I think that society doesn't give menopause the attention it deserves. It takes bravery to talk about it when it should be an easy and open conversation that is taught to young women so that they are fully prepared for the stage. When I got into my forties, I didn't give much thought to menopause but in hindsight, I should have. Having ample information on it would have helped me to psychologically prepare.
I tell young women, "Whether you want or not, once you get to a particular age, this is something that you'll have to deal with. Menopause is inescapable so be prepared for it. Research and talk about it."
I wasn't sure, I had to ask my physician
Scola Muthoni, 50, a stay-at-home mum
"When I turned 47, the changes began. I would have hot flushes that manifested as profuse sweating and an uncomfortable feeling of intense warmth around my face and neck.
Two years before this, I had been diagnosed with cervical cancer so I couldn't really determine whether to attribute the symptoms to the disease or menopause. When I started to experience abnormal and erratic periods, I would ask myself, "Am I getting into menopause or…." I was confused but luckily, through a physician, I got the answers. I was menopausal.
Another change that happened was vaginal dryness and loss of sexual appetite.
One time, my husband asked me, "Are you the same girl I married?" we both laughed because we have had better times. In my younger days, I would pester him to come home, but now, I infrequently think about intimacy. Thankfully, we are open to each other and he knows what is happening to me. Notably, I no longer experience the hot flashes and regarding cancer, I am in complete remission.
I grew up with very little information about menopause. Before I started attending training for women, all I knew was that "When you get to menopause, you stop having children." After seven children, this was not something to worry or be concerned about. However, I didn't have much information about other changes and the same was not extensively covered during the training.
Whenever I engage women in my neighbourhood and I introduce the topic, I have discovered that many lack basic information. They don't know what to expect and some assume that something is wrong.
To ensure that my children are well versed, I openly talk about it with the two elder children. I tell them of my experiences, let them ask me questions and I remind them that they won't be young forever. Looking back at my life, I am glad that I had a rewarding sex life and I had my children in my youth."
I was too busy to notice
Martha Mumbi, 74, Retired reverend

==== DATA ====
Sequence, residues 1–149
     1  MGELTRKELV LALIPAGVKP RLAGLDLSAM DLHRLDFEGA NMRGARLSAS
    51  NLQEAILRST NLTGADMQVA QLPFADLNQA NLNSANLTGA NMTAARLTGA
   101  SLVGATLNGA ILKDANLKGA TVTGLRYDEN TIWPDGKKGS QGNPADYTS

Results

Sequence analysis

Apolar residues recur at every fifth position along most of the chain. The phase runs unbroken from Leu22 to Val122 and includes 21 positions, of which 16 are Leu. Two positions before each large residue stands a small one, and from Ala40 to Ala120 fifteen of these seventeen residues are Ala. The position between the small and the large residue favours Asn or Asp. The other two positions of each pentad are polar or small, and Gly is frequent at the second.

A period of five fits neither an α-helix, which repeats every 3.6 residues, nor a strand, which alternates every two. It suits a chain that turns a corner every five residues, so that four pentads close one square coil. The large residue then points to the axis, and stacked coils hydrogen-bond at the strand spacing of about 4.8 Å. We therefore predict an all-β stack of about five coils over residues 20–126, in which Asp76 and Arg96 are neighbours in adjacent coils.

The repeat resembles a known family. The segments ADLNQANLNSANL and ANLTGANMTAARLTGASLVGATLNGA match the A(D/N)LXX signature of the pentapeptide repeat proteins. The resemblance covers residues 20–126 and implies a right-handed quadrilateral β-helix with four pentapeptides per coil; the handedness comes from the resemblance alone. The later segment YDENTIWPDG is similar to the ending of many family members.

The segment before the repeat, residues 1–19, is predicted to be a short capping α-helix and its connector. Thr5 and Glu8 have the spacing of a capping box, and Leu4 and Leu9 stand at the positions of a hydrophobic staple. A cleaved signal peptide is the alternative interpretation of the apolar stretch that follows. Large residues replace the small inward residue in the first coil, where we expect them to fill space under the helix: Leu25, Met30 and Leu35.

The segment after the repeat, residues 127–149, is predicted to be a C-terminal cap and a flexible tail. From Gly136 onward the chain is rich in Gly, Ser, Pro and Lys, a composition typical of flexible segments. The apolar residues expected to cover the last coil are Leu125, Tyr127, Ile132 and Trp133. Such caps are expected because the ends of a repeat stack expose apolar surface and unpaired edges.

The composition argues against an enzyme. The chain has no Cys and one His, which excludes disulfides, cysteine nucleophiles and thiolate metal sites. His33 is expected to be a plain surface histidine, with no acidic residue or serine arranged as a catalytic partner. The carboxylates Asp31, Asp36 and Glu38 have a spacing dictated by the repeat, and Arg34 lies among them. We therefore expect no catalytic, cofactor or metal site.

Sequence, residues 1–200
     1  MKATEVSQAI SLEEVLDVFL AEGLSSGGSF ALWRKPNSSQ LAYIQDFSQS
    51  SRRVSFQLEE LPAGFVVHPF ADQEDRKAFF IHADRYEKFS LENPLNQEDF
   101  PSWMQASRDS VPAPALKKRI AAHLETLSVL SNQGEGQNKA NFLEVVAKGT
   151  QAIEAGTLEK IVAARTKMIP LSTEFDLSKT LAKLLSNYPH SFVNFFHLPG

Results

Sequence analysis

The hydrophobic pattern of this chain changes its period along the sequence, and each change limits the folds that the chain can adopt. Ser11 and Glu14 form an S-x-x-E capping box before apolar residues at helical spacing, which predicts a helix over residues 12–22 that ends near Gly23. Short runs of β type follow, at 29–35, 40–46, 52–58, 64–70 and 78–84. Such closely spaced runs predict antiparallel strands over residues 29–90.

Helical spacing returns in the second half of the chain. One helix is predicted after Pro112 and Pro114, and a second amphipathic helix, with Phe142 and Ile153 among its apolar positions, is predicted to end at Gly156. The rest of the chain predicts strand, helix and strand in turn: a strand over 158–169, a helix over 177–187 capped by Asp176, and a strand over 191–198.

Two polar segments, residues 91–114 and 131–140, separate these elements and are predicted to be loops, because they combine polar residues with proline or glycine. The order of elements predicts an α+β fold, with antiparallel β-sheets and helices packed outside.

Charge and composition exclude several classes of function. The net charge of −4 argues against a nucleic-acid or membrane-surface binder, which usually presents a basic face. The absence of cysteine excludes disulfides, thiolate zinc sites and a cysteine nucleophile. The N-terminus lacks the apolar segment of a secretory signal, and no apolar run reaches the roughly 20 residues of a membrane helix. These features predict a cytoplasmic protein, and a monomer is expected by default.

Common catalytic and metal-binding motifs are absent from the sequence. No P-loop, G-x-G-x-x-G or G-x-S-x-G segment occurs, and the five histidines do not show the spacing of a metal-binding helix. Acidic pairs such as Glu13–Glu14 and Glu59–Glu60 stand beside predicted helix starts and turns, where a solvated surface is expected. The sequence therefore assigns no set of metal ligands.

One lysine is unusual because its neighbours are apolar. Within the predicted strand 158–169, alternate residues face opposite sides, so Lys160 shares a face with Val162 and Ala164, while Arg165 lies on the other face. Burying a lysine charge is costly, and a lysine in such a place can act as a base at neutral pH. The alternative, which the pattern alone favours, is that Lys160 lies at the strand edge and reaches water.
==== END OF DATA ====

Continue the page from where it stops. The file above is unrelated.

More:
"Menopause. I don't know if it's weird that I have never given it much thought. By the time I was getting to my forties, I had a vague idea of what this was all about. "You get to a certain age and you can no longer have children." I had heard this line many times- in school, church, and from my peers.
When I got to 50 and I started having erratic periods that later ceased altogether, I remember thinking to myself, "I am getting old." I did not lament over the fact that I was not married or had no children.
At that particular time, I was busy with the process of establishing a primary school in Kajiado County having retired from my position as a reverend cum counselor. Sometimes I wonder if I was too occupied to notice the changes in my body because, besides the cessation of the periods, there were no other symptoms.
It helped that I am surrounded by many people with whom we get to fellowship and share a lot. These are friends from different age demographics. When you associate with people, you don't have time to wallow in self–pity. I think it also comes with acceptance. For me, getting old was not an issue because it is an inevitable stage of life. The fact that I didn't have children of my own wasn't something of a big concern. When I see the hundreds of children who attend my school and I get to interact with them, I am fulfilled.
To women nearing this stage, I would say, "Practise simple exercises like walking and start a hobby if you don't have one. I like gardening and visiting the elderly and the sick. Such activities give me strength to carry on and keep me occupied."
Why women don't talk about menopause
A gynaecologist's take: Dr Wanjohi Victor, a gynaecologist consultant in Nairobi.
Why is menopause an overlooked subject?
There is a culture of silence surrounding menopause. When women hear the word menopause, they think old, plus there is a lot of prejudice against older women. Throughout history, the natural physical transition of menopause has been viewed as something to deny, fear, and eradicate.
Are there health risks associated with menopause?
During menopause, the female reproductive hormones decline significantly. These reproductive hormones protect the woman from certain diseases such as osteoporosis, heart diseases, high blood pressure, and high cholesterol. In the brain, they protect women from cognitive decline such as memory loss. Therefore, brain diseases and cardiometabolic diseases increase significantly during the postmenopausal period. Fortunately, these can be prevented if not controlled.
Does menopause affect sexual appetite?
Paradoxically both yes and no. Yes, because some women at this time do not fear the risk of getting pregnant therefore are more motivated to engage in sex. No, because hormonal changes in the woman cause other symptoms such as vaginal atrophy –thinning, drying, and inflammation of the vaginal walls.
Signs and symptoms of menopause
We define menopause as one year without menstruation. Symptoms will include the absence of menses, hot flushes, mood swings, urogenital atrophic changes – vaginal dryness, and pelvic organ prolapse.
How can one with these changes?
Women should consult their gynaecologists during the premenopausal period (the period of a woman's life shortly before the occurrence of menopause). Starting preventive strategies will prevent diseases such as osteoporosis which is associated with hip fractures in the elderly. Apart from behavioural therapy, there are various medications such as hormonal replacement therapy to tackle severe symptoms of, say hot flushes.
A healthy diet rich in fruits and vegetables lessen menopause symptoms
Research published in 2020 by the North American Menopause Society (NAMS) shows that a healthy diet rich in fruits and vegetables plays a role in lessening various menopause symptoms. The study suggests that dietary factors may play a critical role in oestrogen production, metabolism, and consequently, menopause symptoms. In particular, the consumption of fruits such as citrus fruits or a Mediterranean-style diet, characterised by a high content of green leafy vegetables, fruits, cereals, and nuts, was linked to fewer menopause symptoms and complaints.